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Thread: Shakespeare

  1. #1
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    Exclamation Shakespeare

    Hello,

    I was wondering if you could help me understand the following words:

    shrink'st / grow'st / wrinkl'st

    I am supposed to use one of them in the following sentence:

    "When eternal lines to time thou grow'st"

    I know "grow'st" is the right one because I have the answer key but I can't understand the meaning, especially considering the words above.

    Another hard word is "Nor shall death brag though wander'st in his shade".

    These words were written by William Shakespeare 1609 - Sonnet XVIII.

    Looking forward to hearing from you.

  2. #2
    Anglika is offline No Longer With Us
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    Default Re: Shakespeare

    Quote Originally Posted by Emanuelli View Post
    Hello,

    I was wondering if you could help me understand the following words:

    shrink'st / grow'st / wrinkl'st shrinkest / growest / wrinklest = archaic form of the present tense : shrinks/grows/ wrinkles

    I am supposed to use one of them in the following sentence:

    "When eternal lines to time thou grow'st"

    I know "grow'st" is the right one because I have the answer key but I can't understand the meaning, especially considering the words above.

    Another hard word is "Nor shall death brag though wander'st in his shade". The same as above

    These words were written by William Shakespeare 1609 - Sonnet XVIII.

    Looking forward to hearing from you.
    The 'st is used to ensure the metre of the poem is correct. It means the word is pronounced with a shortened ending syllable.

  3. #3
    blouen's Avatar
    blouen is offline Key Member
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    Default Re: Shakespeare

    Quote Originally Posted by Anglika View Post
    The 'st is used to ensure the metre of the poem is correct. It means the word is pronounced with a shortened ending syllable.
    Hi, Anglika! How about the biblical believeth, loveth, doeth. Are they in the present tense also or in the present perfect?

  4. #4
    Anglika is offline No Longer With Us
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    Default Re: Shakespeare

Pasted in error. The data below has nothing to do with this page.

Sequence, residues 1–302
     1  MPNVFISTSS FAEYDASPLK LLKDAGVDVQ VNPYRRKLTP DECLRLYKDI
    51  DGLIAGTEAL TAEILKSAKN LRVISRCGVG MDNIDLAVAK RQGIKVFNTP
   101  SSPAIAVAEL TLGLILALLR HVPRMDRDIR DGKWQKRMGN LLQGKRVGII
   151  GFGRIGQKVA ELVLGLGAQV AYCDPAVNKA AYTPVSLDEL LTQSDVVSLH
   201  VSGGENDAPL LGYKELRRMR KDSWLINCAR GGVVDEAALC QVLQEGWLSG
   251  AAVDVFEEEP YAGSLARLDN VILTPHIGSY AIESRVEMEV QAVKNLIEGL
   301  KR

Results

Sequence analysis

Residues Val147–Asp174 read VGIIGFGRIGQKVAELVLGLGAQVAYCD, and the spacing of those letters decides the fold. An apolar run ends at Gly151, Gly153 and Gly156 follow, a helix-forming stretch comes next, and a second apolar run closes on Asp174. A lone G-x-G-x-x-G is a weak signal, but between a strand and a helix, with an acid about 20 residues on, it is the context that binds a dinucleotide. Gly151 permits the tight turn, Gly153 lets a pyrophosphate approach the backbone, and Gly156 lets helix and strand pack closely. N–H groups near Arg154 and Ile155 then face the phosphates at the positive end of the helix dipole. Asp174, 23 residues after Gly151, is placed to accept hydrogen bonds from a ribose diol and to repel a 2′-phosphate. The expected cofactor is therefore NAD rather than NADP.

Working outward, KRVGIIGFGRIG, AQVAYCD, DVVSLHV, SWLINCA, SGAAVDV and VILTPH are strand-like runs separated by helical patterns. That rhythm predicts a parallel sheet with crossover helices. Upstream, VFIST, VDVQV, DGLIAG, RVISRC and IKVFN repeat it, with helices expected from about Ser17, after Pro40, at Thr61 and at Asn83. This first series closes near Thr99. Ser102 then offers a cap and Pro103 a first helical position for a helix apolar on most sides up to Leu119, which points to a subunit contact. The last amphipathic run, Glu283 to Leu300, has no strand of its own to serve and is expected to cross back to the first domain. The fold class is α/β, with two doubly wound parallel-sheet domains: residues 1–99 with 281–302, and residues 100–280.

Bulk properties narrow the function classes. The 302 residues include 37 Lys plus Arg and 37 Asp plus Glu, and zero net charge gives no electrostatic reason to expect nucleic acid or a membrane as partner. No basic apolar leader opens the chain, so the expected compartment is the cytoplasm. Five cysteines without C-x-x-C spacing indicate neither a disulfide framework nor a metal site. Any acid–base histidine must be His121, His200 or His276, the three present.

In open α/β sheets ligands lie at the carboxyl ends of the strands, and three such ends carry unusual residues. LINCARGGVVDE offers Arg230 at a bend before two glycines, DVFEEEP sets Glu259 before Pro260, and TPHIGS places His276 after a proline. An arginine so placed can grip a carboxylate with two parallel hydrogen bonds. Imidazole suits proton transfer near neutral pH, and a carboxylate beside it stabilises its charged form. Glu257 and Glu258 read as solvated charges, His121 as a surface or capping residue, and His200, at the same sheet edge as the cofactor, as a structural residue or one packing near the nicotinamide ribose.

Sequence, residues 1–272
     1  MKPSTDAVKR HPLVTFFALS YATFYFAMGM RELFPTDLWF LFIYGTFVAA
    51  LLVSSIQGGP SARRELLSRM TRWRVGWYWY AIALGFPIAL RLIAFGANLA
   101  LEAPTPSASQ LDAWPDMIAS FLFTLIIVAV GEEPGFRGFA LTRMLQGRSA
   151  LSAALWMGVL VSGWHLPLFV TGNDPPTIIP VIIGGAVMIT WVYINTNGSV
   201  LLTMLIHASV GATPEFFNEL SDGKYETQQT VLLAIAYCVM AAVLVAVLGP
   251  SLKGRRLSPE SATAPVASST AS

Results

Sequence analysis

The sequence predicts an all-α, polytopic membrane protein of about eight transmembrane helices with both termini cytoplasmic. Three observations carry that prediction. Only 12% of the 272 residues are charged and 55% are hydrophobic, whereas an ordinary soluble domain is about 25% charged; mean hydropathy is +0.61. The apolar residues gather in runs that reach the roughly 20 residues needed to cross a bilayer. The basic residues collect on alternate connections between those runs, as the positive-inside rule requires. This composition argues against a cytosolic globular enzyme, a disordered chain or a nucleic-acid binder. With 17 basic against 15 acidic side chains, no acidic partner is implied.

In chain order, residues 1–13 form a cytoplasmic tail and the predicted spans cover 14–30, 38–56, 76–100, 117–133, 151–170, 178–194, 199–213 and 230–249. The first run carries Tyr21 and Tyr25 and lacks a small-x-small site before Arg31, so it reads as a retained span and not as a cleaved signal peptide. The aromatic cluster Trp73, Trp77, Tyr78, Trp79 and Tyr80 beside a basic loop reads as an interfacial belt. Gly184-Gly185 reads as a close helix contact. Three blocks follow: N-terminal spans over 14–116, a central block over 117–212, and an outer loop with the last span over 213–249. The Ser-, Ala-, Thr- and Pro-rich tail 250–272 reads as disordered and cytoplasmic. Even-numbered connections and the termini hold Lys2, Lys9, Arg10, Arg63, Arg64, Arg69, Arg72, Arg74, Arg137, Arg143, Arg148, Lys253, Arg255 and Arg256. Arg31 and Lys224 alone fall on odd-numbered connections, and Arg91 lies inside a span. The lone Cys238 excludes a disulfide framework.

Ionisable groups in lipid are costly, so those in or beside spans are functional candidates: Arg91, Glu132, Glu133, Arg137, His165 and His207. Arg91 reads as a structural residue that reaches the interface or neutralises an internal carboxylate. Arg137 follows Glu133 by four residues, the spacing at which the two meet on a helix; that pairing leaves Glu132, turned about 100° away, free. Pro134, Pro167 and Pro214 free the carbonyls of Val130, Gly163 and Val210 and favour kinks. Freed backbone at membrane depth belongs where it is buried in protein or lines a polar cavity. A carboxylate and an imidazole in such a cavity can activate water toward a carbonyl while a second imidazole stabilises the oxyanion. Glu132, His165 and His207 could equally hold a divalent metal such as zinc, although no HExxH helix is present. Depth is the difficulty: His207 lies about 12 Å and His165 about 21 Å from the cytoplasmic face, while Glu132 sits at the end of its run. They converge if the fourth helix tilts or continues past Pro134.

I was always under the impression that they are present tense -

    "He who believeth in me"> "He who believes in me"; "They that loveth their neighbour">"They that love their neighbour"; "She that doeth good">"She who does good"

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    Default Re: Shakespeare

    Quote Originally Posted by Emanuelli View Post
    "When eternal lines to time thou grow'st"

    I know "grow'st" is the right one because I have the answer key but I can't understand the meaning, especially considering the words above.
    "Growest" simply means "grow." The "-est" ending is an archaic form that was used to end the ordinary present tense of a verb, in company with the word "thou."

    'When in eternal lines to time you grow.'

    Another hard word is "Nor shall death brag though wander'st in his shade".
    "though" - should be "thou"

    It simply means the same as.....

    'Nor shall death brag you wander in his shade.'

    The tense for "-est" verbs is second person singular present indicative.

  6. #6
    BobK's Avatar
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    Default Re: Shakespeare

    Quote Originally Posted by JeffJo View Post
    ...



    "though" - should be "thou"

    It simply means the same as.....

    'Nor shall death brag you wander in his shade.'

    The tense for "-est" verbs is second person singular present indicative.
    Possibly; it is "thou" in many editions. But in the context (she is really growing old, so it would make sense for (personified) Death to boast 'you're wandering in my shadow, i.e. you're about to die'), "though" makes sense too (perhaps more). We can't know which one Shakespeare meant, and his printers might equally have set either, whichever he meant. Perhaps he meant both.

    But I'm not a Shakespeare scholar; I just "smell a rat" (get suspicious) when I see words like 'should be' in a context like this.



    b

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